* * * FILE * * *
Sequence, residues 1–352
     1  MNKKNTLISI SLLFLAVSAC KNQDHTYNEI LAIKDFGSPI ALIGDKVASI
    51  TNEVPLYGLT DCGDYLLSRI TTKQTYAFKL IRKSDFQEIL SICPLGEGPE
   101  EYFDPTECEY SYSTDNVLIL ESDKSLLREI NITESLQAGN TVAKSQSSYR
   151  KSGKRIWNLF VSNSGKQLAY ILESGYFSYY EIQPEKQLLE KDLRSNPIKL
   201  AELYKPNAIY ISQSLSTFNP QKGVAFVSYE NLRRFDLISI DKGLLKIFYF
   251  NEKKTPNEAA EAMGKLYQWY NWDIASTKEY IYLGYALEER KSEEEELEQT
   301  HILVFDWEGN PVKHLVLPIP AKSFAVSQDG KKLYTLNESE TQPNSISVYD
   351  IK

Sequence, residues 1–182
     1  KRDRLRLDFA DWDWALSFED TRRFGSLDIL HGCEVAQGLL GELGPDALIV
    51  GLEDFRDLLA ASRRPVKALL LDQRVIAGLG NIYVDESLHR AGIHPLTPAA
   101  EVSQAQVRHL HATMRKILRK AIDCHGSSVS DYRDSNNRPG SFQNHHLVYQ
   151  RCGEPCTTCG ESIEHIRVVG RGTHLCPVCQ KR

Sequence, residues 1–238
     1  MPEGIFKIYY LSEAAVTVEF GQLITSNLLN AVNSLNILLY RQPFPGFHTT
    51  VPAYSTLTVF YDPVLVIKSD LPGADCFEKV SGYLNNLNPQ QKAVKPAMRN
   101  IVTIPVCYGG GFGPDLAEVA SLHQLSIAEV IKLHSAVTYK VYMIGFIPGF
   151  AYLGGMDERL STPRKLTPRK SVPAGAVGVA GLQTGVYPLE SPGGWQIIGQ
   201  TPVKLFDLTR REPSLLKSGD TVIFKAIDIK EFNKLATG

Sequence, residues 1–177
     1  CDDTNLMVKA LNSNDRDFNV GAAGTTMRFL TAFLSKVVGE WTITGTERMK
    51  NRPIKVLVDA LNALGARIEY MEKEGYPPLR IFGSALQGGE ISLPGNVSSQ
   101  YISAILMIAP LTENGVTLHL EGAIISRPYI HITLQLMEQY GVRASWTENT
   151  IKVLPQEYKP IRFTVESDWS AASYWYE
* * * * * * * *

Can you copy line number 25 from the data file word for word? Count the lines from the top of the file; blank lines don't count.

   151  IKVLPQEYKP IRFTVESDWS AASYWYE